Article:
Netezza relies on FPGAs. DATallegro essentially uses standard components, but those include Infiniband cards (and there’s a little FPGA action when they do encryption). Greenplum, however, claims to offer a highly competitive data warehouse solution that’s so software-only you can download it from their web site. That said, their main sales mode seems to also be through appliances, specifically ones branded and sold by Sun, combining Greenplum and open source software on a “Thumper” box. And the whole thing supposedly scales even higher than DATallegro and Netezza, because you can manage over a petabyte if you chain together a dozen of the 100 terabyte racks.
As often happens in introductory calls, I came away from my first Greenplum conversation with a much better sense of what it was they’re claiming than I managed to get of why it’s believable, how they’ve achieved what they appear to have, or where the “gotchas” are. Anyhow, here are some highlights of their story so far:
- They offer a proprietary, extended version of PostgreSQL, called Bizgres. As is common in open source-based projects, there are a lot of wrinkles as to what’s closed source, what they’ve created themselves and donated to the open source community, etc., etc.
- Bizgres comes in two flavors. Generic Bizgres is free to download and use to manage up to a few hundred gigabytes of data. It runs on a single processor. Bizgres MPP is free to download and develop with, but costs money to deploy.
- The company has had a somewhat checkered history. In its current setup it’s located in San Mateo, has 30 employees, has a partner with 8 engineers providing Tier 1 and Tier 2 support, and has closed 11 customers in the past 5 months.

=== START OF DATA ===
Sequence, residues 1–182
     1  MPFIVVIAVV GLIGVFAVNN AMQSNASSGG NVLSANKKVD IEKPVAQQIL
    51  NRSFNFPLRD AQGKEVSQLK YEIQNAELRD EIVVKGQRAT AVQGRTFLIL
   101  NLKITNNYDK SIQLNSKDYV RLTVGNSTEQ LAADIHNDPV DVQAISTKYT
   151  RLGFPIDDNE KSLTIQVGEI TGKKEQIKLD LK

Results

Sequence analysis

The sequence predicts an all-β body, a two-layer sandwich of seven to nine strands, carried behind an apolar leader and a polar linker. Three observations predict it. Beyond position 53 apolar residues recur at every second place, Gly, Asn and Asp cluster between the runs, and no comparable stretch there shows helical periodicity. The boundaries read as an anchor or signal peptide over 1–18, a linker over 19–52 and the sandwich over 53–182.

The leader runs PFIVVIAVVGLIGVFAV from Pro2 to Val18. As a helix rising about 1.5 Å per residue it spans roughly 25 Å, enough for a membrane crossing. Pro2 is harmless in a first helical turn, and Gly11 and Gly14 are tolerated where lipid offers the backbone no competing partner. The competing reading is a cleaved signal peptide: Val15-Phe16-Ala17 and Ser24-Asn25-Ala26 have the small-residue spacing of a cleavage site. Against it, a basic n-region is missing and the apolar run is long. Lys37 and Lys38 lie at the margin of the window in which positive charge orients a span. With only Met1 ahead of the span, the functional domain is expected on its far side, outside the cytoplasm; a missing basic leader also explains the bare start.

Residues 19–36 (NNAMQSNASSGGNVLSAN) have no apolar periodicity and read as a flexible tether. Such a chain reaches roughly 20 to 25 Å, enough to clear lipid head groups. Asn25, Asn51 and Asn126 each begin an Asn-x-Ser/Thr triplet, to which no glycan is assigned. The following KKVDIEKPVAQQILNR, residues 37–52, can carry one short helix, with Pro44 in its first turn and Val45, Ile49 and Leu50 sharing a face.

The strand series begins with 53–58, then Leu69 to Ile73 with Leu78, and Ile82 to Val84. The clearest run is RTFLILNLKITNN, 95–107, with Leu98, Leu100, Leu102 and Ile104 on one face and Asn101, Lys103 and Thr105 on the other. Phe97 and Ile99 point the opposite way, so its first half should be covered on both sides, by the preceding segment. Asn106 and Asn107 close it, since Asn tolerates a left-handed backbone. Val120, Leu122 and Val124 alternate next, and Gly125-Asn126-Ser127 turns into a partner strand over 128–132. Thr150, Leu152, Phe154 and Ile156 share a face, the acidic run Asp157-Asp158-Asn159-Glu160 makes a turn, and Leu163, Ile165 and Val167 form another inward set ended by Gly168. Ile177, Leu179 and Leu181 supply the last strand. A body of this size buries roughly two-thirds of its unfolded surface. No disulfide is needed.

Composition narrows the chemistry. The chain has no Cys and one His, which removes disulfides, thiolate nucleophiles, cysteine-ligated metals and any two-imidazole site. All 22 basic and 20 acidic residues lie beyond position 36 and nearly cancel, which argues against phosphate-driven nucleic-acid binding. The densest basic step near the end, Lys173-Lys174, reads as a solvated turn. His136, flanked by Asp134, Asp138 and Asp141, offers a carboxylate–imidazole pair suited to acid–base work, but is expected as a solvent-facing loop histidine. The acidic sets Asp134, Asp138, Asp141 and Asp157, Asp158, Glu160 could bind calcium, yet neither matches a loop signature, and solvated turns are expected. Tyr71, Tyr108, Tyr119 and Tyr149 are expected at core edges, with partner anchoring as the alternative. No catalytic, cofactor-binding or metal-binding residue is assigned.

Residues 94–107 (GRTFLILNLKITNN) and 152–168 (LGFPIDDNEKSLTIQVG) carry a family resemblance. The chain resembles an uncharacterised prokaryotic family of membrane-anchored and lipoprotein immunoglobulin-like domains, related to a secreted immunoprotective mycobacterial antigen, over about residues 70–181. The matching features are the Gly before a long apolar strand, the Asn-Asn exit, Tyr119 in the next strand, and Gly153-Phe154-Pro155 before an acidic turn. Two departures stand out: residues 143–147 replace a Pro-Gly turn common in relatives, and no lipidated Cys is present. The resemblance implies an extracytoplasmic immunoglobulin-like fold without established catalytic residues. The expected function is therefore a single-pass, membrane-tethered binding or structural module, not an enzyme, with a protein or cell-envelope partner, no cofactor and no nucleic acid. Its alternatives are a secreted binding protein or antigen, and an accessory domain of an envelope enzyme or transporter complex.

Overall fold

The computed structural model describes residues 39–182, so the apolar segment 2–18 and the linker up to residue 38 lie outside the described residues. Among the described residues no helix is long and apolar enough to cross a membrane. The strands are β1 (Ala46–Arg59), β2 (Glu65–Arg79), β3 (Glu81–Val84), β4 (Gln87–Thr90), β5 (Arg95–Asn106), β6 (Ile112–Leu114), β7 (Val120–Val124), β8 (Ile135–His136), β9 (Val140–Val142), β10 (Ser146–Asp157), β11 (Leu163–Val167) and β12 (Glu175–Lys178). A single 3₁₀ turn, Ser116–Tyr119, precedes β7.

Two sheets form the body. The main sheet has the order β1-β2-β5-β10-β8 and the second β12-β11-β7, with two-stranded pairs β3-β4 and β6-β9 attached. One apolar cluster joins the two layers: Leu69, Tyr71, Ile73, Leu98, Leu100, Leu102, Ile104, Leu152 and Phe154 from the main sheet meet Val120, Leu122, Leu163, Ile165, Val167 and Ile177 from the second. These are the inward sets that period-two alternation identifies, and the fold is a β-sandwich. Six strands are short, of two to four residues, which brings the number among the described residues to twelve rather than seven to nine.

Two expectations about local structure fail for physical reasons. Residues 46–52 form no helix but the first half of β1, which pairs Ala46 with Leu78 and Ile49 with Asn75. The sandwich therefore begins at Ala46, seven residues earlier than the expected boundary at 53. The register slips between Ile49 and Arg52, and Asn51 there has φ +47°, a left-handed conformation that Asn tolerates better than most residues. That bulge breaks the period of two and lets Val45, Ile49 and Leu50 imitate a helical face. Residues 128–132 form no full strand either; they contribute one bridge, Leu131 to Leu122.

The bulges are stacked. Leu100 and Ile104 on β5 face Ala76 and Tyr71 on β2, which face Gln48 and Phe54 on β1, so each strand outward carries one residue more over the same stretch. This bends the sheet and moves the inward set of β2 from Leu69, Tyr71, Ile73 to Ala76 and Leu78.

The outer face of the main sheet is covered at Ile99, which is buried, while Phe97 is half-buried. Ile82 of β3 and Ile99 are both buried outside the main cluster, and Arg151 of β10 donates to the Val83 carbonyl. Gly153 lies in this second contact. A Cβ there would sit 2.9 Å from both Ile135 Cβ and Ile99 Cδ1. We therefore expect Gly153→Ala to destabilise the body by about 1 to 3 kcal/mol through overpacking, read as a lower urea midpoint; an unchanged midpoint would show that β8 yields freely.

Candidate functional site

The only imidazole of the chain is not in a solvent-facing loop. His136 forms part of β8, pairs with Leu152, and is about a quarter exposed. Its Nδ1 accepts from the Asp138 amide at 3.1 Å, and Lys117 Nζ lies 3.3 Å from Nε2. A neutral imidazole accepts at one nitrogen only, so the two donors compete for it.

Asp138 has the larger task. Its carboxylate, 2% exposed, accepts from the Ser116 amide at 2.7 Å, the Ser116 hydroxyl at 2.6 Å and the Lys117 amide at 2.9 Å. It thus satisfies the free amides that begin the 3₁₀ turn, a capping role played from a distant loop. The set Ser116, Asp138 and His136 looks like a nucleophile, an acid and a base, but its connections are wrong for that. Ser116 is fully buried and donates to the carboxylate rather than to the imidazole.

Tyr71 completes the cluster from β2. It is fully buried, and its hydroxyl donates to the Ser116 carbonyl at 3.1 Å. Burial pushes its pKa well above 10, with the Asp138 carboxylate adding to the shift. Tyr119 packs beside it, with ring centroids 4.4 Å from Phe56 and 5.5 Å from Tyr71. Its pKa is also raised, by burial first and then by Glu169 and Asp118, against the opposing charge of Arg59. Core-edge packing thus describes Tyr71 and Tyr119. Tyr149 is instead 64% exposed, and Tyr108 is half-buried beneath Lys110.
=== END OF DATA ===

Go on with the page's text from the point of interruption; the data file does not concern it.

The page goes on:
- They added some basic data warehousing capabilities to PostgreSQL, such as range partitioning, and bitmaps that work for cardinalities up to 10,000 or so. Note that these probably are not used by Netezza, which built its system on an older version of PostgreSQL, although as usual I’m not sure about anything technical at Netezza, due to their lack of interest in having their technology analyzed. (DATallegro is built on Ingres.)
- Like DATallegro, they previously had an architecture in which queries that couldn’t be executed in one partition sent partial results to a “fat head” node that did the rest of the work – but subsequently have adopted a more sophisticated parallelization strategy. However, they talk of “query shipping,” while DATallegro stresses “repartitioning” of the database, so I suspect their approach is somewhat different, although one way or the other lots of data has to be shipped from node to node. But I’m not clear on the details of how this works in the Greenplum case.
- Like Netezza and unlike DATallegro, they think gigabit Ethernet is just dandy for the internode data transport. DATallegro, however, prefers Infiniband, as it creates almost no processor load (literally, no processor load, and no more than 1% effective processor slowdown), while gigabit Ethernet can slow processors by a factor of two in the worst case.
- The Sun appliance comes in 10, 40, and 100 terabyte sizes. (That’s actual warehouse size. Disk space is more than twice as much, of course.) One customer is seriously evaluating a 200 terabyte configuration. I think the scalability past that is largely theoretical at this point.
- List prices, if they recall correctly, are $370K, $700K, and $1.8 million for the 10, 40, and 100 terabyte versions. I didn’t get a sense of performance. (DATallegro, of course, offers very different data capacities for the same or similar prices, at different performance points.) Uh, I forgot to ask how much of those 100 terabytes are typically data, and how much is index, which I should have done because:
- Unlike Netezza and DATallegro, Greenplum thinks indexes are fine and dandy. As an example, they point out that using an index for a time series in no way interferes with sequential data access. In general, they think it’s important that they merely extend the underlying DBMS rather than build on top of it, as that makes it easier to use all the DBMS’ functionality. (I guess in principle DATallegro could use Ingres’s transactional capabilities, albeit only in low doses since performance would be very unoptimized. However, I have no idea whether they actually built the system that way.)